Bill Henderson knows that the people who go to his shows want to hear the hits from his band Chilliwack. But he can’t help slipping in a new song or two.
Lately, those songs are about celebrating Canada and protecting the environment.
“It’s very useful, if it’s possible, to create a song that people can sing that plants a seed,” Henderson said. “I believe these things plant seeds. You don’t get trees without seeds.”
Henderson, who writes the majority of songs for Chilliwack, said as a young, 20-something he put his youthful energy into developing new ideas for songwriting. As he hit his 30s and 40s, though, it became about just writing a great song – one that stayed in people’s hearts.
In the last few years, he’s put that songwriting goal toward social change, writing songs about reclaiming power over the environment from multi-national corporations.
One of those songs was for the people of Moloka’i, one of the most preserved cultures of the Hawaiian islands. A bumper sticker there reads: Don’t change Moloka’i. Let Moloka’i change you.
Henderson applies that same reasoning to the area around the Salish Sea.
He recorded a song with producer Bob Rock last summer called Take Back This Land, which he describes as a rock anthem – with a message.
“It’s a song about looking after this country; loving this country,” Henderson said.
He has deep roots on the South Coast, having been raised in Yellow Point across from Tillicum Resort, where the owner would let the neighbourhood kids use the resort’s rowboats or teach them about nature. Henderson even toured DeCourcy Island and learned of the Brother XII legend.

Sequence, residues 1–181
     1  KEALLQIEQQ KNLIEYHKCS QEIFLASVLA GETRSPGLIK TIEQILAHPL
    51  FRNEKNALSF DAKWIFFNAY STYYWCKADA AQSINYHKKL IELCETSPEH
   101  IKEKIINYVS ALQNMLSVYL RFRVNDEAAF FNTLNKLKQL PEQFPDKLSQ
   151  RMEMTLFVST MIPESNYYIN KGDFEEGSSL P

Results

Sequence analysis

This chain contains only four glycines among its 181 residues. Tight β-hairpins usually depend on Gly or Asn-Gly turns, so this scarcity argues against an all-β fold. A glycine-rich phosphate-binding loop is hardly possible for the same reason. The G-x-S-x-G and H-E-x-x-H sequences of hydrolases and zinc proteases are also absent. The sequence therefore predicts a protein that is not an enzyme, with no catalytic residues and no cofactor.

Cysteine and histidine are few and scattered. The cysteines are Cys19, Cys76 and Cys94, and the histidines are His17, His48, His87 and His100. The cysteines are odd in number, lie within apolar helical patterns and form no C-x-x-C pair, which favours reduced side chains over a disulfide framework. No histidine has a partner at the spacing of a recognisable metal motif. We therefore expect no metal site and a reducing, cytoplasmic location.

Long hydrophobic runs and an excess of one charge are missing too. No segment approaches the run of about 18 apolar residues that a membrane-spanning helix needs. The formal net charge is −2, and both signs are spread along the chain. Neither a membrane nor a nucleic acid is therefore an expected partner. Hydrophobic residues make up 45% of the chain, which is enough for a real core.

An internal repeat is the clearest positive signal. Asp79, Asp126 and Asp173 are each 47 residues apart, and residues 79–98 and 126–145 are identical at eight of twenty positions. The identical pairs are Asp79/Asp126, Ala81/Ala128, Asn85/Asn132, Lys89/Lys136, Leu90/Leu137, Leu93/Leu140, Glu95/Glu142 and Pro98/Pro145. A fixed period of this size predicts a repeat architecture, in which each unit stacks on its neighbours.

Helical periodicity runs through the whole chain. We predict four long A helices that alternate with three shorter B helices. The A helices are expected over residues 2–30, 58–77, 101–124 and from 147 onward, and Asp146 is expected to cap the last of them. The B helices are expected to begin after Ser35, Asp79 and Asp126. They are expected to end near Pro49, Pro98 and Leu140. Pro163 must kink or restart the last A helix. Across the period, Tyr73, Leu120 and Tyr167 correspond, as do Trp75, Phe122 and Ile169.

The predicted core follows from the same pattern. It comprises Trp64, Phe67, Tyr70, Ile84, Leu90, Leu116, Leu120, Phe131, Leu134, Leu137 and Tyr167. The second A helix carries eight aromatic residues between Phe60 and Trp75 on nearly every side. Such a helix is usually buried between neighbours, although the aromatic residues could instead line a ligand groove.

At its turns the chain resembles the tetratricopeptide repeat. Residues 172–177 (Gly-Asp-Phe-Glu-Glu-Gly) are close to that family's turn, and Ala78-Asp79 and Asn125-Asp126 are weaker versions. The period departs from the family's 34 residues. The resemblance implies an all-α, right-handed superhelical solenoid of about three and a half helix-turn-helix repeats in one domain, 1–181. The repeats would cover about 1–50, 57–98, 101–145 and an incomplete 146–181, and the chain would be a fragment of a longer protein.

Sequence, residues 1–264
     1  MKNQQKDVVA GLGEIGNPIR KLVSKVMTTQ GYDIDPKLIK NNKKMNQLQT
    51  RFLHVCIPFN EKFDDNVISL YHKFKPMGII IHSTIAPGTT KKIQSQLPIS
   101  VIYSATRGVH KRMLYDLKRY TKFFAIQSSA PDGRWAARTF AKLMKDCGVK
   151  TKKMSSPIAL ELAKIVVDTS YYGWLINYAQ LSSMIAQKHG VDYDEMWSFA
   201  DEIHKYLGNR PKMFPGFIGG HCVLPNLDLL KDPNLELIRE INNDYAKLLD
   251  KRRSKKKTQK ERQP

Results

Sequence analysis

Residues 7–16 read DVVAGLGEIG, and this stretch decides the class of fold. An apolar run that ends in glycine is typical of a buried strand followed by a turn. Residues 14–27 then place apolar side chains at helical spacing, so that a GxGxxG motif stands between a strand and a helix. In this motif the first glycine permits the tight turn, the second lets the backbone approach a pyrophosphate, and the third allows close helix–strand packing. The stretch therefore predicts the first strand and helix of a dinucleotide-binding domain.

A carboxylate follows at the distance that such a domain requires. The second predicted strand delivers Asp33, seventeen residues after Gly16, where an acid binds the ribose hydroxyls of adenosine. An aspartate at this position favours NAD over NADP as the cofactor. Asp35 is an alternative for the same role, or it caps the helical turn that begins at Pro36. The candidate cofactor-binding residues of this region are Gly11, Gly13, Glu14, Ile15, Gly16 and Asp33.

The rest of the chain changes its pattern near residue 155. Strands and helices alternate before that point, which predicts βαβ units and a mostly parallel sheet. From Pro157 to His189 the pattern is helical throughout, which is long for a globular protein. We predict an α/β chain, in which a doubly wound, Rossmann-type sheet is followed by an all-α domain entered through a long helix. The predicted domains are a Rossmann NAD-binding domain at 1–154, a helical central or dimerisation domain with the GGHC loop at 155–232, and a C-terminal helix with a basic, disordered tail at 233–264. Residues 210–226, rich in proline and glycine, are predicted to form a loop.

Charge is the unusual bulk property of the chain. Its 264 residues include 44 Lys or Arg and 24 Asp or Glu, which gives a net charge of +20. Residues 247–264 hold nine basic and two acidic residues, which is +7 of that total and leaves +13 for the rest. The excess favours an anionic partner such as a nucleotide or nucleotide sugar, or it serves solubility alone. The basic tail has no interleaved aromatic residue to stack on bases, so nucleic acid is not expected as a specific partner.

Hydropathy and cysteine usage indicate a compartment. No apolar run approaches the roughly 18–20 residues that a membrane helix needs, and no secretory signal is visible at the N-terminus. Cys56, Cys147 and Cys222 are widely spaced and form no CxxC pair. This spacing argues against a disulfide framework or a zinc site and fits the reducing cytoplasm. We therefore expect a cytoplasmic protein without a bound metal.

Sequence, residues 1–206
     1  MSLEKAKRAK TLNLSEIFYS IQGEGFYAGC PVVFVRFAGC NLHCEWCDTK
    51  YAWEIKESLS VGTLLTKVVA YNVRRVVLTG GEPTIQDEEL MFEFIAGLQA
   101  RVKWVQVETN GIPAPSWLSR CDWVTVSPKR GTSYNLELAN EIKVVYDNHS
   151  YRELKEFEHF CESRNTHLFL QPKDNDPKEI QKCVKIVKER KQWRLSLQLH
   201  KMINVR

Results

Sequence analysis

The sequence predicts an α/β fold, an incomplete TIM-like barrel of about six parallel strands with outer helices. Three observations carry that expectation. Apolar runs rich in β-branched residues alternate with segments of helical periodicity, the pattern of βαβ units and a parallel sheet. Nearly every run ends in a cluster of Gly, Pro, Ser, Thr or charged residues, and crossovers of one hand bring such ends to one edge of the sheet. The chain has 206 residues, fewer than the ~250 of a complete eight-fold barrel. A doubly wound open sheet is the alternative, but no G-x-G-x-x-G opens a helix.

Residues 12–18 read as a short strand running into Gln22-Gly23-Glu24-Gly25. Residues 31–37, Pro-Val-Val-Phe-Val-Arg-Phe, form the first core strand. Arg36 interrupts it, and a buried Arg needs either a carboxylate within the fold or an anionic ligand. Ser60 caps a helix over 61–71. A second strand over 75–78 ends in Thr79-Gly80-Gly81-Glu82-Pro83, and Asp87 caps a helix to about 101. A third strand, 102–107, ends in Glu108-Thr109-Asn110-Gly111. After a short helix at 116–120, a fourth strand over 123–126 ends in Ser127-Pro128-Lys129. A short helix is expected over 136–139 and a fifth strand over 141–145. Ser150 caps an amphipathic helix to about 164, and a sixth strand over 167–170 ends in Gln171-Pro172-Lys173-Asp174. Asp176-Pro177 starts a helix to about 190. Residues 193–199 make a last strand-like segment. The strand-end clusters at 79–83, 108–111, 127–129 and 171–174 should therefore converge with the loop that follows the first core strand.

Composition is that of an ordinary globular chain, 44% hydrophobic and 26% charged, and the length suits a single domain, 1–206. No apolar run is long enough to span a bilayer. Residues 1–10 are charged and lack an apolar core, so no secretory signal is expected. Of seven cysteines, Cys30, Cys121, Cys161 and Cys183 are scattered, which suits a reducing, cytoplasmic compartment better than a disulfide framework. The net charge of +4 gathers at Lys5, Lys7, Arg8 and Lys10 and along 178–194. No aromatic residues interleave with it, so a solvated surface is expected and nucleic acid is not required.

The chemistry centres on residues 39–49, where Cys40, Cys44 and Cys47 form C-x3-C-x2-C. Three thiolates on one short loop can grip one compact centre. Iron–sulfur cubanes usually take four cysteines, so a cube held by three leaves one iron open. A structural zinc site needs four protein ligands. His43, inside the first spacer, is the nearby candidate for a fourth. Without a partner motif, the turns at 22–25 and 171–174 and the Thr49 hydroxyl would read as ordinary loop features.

“He’d tell us the story – the parts that he could tell kids,” Henderson said. “That stuff is deep in me and it came from the Yellow Point experience.”
Since then, Henderson spent decades building the brand of Chilliwack and still plays 20-25 dates across Canada every year. He has toured with the current lineup for 18 years and said now that the hard work is done, he can just go out and enjoy playing music.
So don’t be concerned that the concert will be packed with protest songs and new material – Henderson promises that Chilliwack fans’ favourites will be the majority of the set list.
“We do songs from that first album,” Henderson said. “We also like to spike it with stuff from the early ’70s.”
Chilliwack performs on the bill with Trooper, The Kings, Valdy, Darkhorse and DJ Mikey Mike during King Neptune’s Bathtub Weekend Launch Party July 22 at Maffeo Sutton Park.
Trooper is another iconic Canadian rock band known for hits such as Raise a Little Hell and We’re Here for a Good Time (Not a Long Time). The Kings are best known for their ’80s hit The Beat Goes On/Switching to Glide. Valdy, a Juno Award winner for folk singer and entertainer of the year, also performs. He is known for songs such as Rock and Roll Song and Simple Life. Rounding out the lineup are Darkhorse, a new country band featuring Paul Laine, and DJ Mikey Mike.
Gates open at 4 p.m. and the show wraps up at 11 p.m. Tickets for the event are $45; $15/children under 16; $75/VIP. Please visit www.ticketweb.ca to order tickets.